Deutsche Bank outlines its 2009 China economic outlook and equity strategy at Access China Conference
Deutsche Bank today presented its 2009 China economic outlook and equity market strategy at the Bank’s 7th annual Access China Conference in Beijing. The event is being attended by over 800 investors, representing many of the world’s largest asset management houses, hedge funds, pension funds, and banks.
In his keynote presentation at the conference, Dr. Jun Ma, Deutsche Bank’s Chief Economist for Greater China, said he had a cautious view in relation to the economy for the next one and a half years: “We forecast that China’s GDP growth will decelerate further from 9% in 2008 to 7% in 2009 on significantly weaker external demand and rapid deceleration in investments in the real estate, manufacturing and mining sectors. Our analysis suggests that China’s GDP will have a ‘double dip’, finally reaching its low point in the first half of 2010.”
Dr. Ma said he also expects 2009 to witness the worst deflation in 10 years. “Our research team forecasts that CPI inflation will likely fall below -1% in February and PPI inflation could decline to -7% in Q3 this year”, he said.
Regarding China’s corporate earnings growth, Dr. Ma said, “Our top-down analysis suggests that EPS for the H share index will likely decline by 10 to 15% in 2009. Our view is that the H share index will likely be range-bound in the next two quarters; however a substantial rally could occur in the second half of 2009. Similarly, our fundamental analysis suggests that A-shares may also continue to experience headwinds in the first half of 2009, with the second half being more positive."
Given this outlook, Dr. Ma outlined that the Bank’s recommended equity market strategy in China is to stay defensively positioned in the first half of 2009 and to switch to a more aggressive asset allocation when signs of an end to analyst downgrades emerge, likely to be by the middle of 2009.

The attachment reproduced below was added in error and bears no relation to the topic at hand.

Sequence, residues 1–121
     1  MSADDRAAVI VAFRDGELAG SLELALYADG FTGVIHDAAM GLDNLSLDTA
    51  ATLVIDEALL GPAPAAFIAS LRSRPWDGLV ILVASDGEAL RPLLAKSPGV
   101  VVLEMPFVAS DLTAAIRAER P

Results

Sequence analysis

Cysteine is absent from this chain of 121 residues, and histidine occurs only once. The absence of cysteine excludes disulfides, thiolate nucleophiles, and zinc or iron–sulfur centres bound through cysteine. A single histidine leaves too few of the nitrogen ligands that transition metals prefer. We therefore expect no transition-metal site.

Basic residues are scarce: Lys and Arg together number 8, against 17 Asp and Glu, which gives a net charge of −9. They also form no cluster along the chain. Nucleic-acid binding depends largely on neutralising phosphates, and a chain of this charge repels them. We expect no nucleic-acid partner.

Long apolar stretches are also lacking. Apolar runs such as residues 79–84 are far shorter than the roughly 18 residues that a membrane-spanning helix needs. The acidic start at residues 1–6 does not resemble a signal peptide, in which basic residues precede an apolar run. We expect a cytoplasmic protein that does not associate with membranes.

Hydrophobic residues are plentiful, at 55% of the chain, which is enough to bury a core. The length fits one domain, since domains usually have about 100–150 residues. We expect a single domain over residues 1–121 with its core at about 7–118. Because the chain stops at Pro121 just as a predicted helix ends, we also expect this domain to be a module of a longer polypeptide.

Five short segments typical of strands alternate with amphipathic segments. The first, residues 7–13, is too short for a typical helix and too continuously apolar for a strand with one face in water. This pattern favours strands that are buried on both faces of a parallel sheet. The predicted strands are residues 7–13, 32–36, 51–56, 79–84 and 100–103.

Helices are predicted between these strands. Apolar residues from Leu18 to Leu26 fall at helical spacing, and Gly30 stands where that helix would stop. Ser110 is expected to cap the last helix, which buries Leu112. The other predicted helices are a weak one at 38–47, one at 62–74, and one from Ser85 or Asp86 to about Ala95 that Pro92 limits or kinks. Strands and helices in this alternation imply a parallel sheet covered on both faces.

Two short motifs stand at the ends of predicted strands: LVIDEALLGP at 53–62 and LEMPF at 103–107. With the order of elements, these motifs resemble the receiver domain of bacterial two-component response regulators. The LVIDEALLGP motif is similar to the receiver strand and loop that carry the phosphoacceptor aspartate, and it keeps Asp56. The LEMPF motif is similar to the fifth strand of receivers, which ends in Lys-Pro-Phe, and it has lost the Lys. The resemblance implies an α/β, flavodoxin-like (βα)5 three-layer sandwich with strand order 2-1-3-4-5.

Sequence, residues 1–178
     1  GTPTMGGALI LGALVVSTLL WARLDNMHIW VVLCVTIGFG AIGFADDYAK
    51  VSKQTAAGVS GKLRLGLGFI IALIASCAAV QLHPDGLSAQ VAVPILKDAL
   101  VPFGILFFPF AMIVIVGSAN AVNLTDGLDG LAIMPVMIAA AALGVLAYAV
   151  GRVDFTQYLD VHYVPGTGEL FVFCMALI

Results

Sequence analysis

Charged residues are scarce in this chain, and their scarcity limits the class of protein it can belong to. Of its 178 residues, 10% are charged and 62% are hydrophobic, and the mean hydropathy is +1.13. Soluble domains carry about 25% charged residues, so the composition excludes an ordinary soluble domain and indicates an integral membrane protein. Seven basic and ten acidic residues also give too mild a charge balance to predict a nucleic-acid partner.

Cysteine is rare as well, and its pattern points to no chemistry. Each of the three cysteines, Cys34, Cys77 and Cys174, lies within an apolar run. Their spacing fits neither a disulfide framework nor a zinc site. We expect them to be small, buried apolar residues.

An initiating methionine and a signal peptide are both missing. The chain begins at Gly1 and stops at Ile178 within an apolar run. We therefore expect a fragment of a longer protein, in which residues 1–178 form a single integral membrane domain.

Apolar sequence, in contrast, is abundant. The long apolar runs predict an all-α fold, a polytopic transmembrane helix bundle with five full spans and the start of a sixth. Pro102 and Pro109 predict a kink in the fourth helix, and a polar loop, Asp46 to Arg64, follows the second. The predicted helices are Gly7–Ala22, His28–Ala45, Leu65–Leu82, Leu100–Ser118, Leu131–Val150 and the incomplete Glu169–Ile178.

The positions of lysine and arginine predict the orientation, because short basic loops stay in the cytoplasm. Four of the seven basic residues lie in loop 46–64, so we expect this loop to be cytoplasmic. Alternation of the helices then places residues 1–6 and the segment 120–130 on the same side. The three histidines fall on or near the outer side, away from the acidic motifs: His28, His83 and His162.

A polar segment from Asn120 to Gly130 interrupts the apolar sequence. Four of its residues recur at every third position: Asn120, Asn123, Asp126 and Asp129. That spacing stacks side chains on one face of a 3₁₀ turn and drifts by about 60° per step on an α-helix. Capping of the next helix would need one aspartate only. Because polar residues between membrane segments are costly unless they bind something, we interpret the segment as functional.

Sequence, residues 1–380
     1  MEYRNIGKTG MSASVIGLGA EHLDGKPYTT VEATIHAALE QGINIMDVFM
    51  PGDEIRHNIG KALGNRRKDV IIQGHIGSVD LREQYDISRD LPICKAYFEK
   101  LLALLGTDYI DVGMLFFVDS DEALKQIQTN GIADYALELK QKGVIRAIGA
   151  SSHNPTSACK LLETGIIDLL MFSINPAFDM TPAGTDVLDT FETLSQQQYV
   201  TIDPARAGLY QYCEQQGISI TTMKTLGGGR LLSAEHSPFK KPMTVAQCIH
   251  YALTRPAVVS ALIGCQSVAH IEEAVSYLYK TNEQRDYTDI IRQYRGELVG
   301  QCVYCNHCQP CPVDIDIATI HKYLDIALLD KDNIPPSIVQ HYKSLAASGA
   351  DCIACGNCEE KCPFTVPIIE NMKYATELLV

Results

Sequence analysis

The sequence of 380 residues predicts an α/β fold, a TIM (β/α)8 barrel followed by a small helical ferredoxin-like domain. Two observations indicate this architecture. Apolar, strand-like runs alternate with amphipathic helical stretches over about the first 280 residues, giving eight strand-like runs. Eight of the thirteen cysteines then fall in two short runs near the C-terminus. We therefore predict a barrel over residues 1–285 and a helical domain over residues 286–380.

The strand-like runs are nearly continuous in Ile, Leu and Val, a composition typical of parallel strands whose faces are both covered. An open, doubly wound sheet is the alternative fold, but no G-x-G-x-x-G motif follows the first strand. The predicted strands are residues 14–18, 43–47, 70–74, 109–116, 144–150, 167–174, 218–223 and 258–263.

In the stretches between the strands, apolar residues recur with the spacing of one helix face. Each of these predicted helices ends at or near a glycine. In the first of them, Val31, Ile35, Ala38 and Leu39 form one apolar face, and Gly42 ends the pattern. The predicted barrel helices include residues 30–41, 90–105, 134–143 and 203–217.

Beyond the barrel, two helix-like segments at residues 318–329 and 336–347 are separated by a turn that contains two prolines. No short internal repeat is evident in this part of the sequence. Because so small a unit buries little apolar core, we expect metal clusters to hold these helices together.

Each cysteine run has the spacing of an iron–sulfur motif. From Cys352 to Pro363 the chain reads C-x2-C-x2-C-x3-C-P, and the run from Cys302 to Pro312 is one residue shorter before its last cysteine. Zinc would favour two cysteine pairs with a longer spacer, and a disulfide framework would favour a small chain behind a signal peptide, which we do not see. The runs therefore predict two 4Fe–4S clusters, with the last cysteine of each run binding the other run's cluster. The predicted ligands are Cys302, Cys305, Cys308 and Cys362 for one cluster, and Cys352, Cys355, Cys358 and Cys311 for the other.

Deutsche Bank highlighted several themes which could provide investment opportunities during 2009:
- Counter-cyclical services: Healthcare, education, and online gaming could demonstrate significant resilience to the economic slowdown
- Government-sponsored investments: Could boost demand for cement and railway construction
- Ongoing industrial consolidation: Certain steel, non-ferrous, and property companies could be long-term beneficiaries
- Beneficiaries of deflation: The effect of deflation is expected to be negative for many sectors of the economy, namely, real estate, commodities and banking; however, it is expected to be positive for the profit margin of sectors such as food & beverage, independent power producers, and oil refining
- Rural policy: Electronics producers may significantly benefit from the government’s subsidy programme
Dr. Ma added that the key risks to his view included G3 economic performance, and the timing of the recovery of the Chinese property market.
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Deutsche Bank is a leading global investment bank with a strong and profitable private clients franchise. A leader in Germany and Europe, the bank is continuously growing in North America, Asia and key emerging markets. With 81,308 employees in 75 countries, Deutsche Bank offers unparalleled financial services throughout the world. The bank competes to be the leading global provider of financial solutions for demanding clients creating exceptional value for its shareholders and people.
About Deutsche Bank China
Deutsche Bank (China) Co., Ltd. is a wholly-owned foreign-funded subsidiary of Deutsche Bank AG and is incorporated in the People’s Republic of China. Headquartered in Beijing, Deutsche Bank China now operates branches and sub-branches in Beijing, Shanghai and Guangzhou with over 500 employees.